...why we have homicide. We have suicide because narcissuses have been known to kill themselves when they get very depressed or get very upset, or harm other family members as well. Prisons are littered with narcissists who have taken things too far. But it all started with a threat, it all started with some kind of assault. It all started with aggression, with restraint, isolation and intimidation. So when you see these things in the very beginning, this is not something to just ignore or play with or say, Oh, they'll get better if I just give them time, if they give them more attention, which is what they say. Way then they won't act this way. That is not a true statement, because attention is never enough for a narcissist. They can never ever feel like they have enough. In order to stop this train from happening, they need professional help in order to get there, in order to stop from escalating too much more severe levels. So please, if you...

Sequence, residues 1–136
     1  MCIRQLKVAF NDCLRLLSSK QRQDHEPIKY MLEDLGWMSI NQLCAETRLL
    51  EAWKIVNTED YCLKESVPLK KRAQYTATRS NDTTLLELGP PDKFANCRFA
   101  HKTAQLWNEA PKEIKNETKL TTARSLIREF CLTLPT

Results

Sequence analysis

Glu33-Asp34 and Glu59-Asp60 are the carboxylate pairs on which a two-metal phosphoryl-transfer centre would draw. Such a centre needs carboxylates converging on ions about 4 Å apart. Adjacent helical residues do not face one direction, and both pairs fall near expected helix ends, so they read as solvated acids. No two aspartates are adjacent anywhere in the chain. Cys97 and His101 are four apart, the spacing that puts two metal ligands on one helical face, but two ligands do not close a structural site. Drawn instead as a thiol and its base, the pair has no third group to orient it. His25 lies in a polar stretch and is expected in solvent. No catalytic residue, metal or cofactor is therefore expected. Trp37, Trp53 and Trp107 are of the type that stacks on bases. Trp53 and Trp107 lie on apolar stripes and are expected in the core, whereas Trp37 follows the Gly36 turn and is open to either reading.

...are in the middle of a relationship with a narcissist and they have demonstrated these signs of physical abuse, please be very, very careful and get out of the relationship as soon as you can, because it might be your life that's in jeopardy or somebody else that you love. Stay tuned for some more abuse tactics that we are will talk about so that you can have an understanding of just what it means to be abused by a narcissist. I want to make sure you have all the different ways. Physical is just one of the many ways. There's seven others. Thanks for listening to understanding. Today's narcissist with Christine Hammond, brought to you in part by Psych Centralcom. For more information, visit grow with Christine dotcom.